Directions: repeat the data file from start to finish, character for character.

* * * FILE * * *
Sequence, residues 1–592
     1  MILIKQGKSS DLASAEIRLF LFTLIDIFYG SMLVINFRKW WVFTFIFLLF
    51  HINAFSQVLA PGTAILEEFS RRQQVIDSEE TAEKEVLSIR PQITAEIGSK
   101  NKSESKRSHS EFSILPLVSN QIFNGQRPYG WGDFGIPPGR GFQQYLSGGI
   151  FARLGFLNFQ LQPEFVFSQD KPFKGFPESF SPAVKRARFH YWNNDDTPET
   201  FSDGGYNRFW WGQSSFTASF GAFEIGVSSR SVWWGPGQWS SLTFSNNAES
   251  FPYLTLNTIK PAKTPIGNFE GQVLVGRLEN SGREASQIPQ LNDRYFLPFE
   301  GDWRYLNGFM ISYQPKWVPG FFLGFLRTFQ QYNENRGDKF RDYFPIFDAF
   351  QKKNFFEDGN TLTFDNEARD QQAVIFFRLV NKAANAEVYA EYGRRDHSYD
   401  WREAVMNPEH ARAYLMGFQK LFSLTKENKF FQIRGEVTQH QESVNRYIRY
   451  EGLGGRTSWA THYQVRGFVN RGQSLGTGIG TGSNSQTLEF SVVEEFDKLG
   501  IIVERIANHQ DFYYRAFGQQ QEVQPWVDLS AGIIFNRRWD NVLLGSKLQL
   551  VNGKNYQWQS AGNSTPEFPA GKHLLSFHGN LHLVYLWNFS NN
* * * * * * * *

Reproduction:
Sequence, residues 1–592
     1  MILIKQGKSS DLASAEIRLF LFTLIDIFYG SMLVINFRKW WVFTFIFLLF
    51  HINAFSQVLA PGTAILEEFS RRQQVIDSEE TAEKEVLSIR PQITAEIGSK
   101  NKSESKRSHS EFSILPLVSN QIFNGQRPYG WGDFGIPPGR GFQQYLSGGI
   151  FARLGFLNFQ LQPEFVFSQD KPFKGFPESF SPAVKRARFH YWNNDDTPET
   201  FSDGGYNRFW WGQSSFTASF GAFEIGVSSR SVWWGPGQWS SLTFSNNAES
   251  FPYLTLNTIK PAKTPIGNFE GQVLVGRLEN SGREASQIPQ LNDRYFLPFE
   301  GDWRYLNGFM ISYQPKWVPG FFLGFLRTFQ QYNENRGDKF RDYFPIFDAF
   351  QKKNFFEDGN TLTFDNEARD QQAVIFFRLV NKAANAEVYA EYGRRDHSYD
   401  WREAVMNPEH ARAYLMGFQK LFSLTKENKF FQIRGEVTQH QESVNRYIRY
   451  EGLGGRTSWA THYQVRGFVN RGQSLGTGIG TGSNSQTLEF SVVEEFDKLG
   501  IIVERIANHQ DFYYRAFGQQ QEVQPWVDLS AGIIFNRRWD NVLLGSKLQL
   551  VNGKNYQWQS AGNSTPEFPA GKHLLSFHGN LHLVYLWNFS NN